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Wednesday, December 5, 2012

Bryan Sutter: Meet the Best Music Photographers in St. Louis

Posted By on Wed, Dec 5, 2012 at 2:55 PM

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What's the strangest thing that has happened to you while photographing live music?

I've found myself in some interesting situations, from angry drunk people lunging at my camera because I won't let them play photographer with my equipment to a hundred or so sincerely strange and angry people rushing the stage at The Firebird during Machine Gun Kelly's set. However, I would say what's left the longest lasting impression was during the Black Lips' set at The Firebird in April 2010 when two very out of place looking middle aged women berated me for turning away from guitarist Cole Alexander when he unbuttoned his pants while on stage. I was successfully pressured into turning back around by these two ladies and I was met with something I'd never seen before and will probably never see again.

The inner fear was that Cole was going to do something involving bodily fluids but in reality he was, well, aggressively scraping the tip of his penis against the fretboard of his guitar, which he had flipped around so the guitar faced his midsection. You could hear it over the PA. This short, sort of muted scraping sound.

I don't think he stole that one from Chuck Berry.

What makes a professional photographer as opposed to an amateur?

Traditionally, when you think of someone as a professional you imagine certain standards when it comes to their work, presentation, and their business sense. Locally, there are music photographers who are professional in the traditional way and those who I would consider to be professional in a way that hasn't been completely defined. Technology and the increasing importance of the digital world in our day to day lives has spread photography greatly and evened the playing field for people to participate. Functional photography is no longer a scarce resource and as this becomes more apparent, we'll likely see the definition of professional change. Perhaps professional will just as easily apply to folks who shoot indie bands for their own blog as it does those who shoot Red Hot Chili Peppers for Spin. It's possible that things will matter less about your tear sheets or who your clients are and more about your output, drive and ability to convey the experiences of others as well as your own. We'll see what happens in the next few years.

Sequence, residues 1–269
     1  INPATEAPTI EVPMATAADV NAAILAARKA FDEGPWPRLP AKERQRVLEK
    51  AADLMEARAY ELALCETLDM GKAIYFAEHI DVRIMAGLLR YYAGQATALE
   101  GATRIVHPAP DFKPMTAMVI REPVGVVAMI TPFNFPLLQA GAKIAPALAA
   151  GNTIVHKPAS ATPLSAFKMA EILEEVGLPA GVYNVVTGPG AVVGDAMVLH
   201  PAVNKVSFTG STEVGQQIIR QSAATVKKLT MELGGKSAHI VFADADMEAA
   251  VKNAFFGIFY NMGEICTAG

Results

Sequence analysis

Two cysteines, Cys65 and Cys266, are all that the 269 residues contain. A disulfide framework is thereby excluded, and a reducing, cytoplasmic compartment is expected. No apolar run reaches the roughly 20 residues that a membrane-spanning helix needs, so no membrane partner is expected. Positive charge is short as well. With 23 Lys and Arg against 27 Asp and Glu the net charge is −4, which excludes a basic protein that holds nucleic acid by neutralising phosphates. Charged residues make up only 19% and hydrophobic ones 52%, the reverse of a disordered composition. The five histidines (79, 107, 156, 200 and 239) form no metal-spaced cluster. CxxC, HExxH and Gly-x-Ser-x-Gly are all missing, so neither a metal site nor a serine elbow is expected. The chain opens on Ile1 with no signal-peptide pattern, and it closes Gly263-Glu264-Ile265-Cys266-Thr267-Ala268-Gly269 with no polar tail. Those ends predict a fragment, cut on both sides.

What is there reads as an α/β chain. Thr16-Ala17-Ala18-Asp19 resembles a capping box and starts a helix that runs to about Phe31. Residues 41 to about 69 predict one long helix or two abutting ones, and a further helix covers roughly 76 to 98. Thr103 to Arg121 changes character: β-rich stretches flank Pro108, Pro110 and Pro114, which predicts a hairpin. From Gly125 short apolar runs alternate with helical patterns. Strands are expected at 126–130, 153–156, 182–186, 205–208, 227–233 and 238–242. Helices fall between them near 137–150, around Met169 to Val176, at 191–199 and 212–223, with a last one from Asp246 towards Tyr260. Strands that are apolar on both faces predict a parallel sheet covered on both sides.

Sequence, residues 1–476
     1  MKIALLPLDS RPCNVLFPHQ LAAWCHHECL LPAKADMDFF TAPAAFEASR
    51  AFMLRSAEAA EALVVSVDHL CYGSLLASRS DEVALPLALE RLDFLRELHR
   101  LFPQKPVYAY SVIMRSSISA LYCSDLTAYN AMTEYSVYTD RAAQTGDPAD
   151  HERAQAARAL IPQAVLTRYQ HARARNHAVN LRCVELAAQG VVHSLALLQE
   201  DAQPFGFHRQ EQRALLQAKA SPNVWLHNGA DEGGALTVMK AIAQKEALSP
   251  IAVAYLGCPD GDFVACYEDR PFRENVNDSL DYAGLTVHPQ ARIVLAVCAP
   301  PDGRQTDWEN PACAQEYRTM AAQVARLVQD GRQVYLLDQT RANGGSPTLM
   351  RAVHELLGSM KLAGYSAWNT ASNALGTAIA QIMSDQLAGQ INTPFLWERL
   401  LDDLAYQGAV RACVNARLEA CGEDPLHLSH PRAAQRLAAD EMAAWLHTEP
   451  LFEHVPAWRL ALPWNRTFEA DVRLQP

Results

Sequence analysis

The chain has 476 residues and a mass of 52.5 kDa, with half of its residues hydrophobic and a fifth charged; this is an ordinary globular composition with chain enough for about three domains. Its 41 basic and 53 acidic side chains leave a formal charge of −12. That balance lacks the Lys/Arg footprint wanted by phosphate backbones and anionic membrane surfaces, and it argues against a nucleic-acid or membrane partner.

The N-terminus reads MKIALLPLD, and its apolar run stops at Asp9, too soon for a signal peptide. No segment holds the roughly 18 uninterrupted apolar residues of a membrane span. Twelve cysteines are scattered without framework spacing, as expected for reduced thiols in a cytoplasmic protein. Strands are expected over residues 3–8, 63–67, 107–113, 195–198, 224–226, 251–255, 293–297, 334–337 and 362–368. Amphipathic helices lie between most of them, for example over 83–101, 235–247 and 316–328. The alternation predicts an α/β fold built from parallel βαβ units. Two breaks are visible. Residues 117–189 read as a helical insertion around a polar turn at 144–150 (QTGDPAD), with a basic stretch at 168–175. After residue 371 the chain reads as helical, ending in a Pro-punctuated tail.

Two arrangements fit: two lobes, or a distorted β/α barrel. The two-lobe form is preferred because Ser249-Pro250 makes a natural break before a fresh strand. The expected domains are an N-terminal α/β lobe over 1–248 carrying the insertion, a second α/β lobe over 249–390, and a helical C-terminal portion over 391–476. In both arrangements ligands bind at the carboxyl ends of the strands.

Amateur photographers in the world of live music photography, however, will always be the people that shoot with flash. I can all but promise that won't change.


Pick one of the photos you've submitted and tell us a little about it: Where was it shot, who is featured and (most importantly) how did you capture it? We'd love to hear logistical description or technical breakdowns or whatever else you want to tell us.

I'll probably get some trouble for submitting this photo as it doesn't exactly express the photojournalist side of live music photography but I don't ever expect to take The Soiling of Old Glory Part II, so I'll talk about it. This one is from the early days of The Firebird and features Flesh Vehicle. Flesh Vehicle are a garage rock trio from Nashville and are probably best known for being fronted by Tom Pappas from Superchunk. They are rad. They have a rad neon sign with their band name that they put on stage, as you can see. This photo of Tom Pappas was taken with a Lensbaby Composer, which is a selective focus lens where you can change out the internal optic to different types of glass. Selective focus means that I can isolate the part of the frame that will be in focus, while the rest of the frame is not. The focus is a bit off and I lost some detail with a longer shutter speed but this was one of the first shots I took that I knew I had something really interesting when I previewed it on the back of my camera. Sometimes it's good to have something a little different in your camera bag.


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